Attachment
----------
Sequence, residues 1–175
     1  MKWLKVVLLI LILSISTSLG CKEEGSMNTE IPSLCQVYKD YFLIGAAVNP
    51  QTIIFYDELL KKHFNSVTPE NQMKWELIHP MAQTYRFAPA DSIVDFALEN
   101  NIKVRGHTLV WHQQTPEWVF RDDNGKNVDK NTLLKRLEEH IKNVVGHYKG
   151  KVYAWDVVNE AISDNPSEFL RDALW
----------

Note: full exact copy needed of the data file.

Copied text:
Sequence, residues 1–175
     1  MKWLKVVLLI LILSISTSLG CKEEGSMNTE IPSLCQVYKD YFLIGAAVNP
    51  QTIIFYDELL KKHFNSVTPE NQMKWELIHP MAQTYRFAPA DSIVDFALEN
   101  NIKVRGHTLV WHQQTPEWVF RDDNGKNVDK NTLLKRLEEH IKNVVGHYKG
   151  KVYAWDVVNE AISDNPSEFL RDALW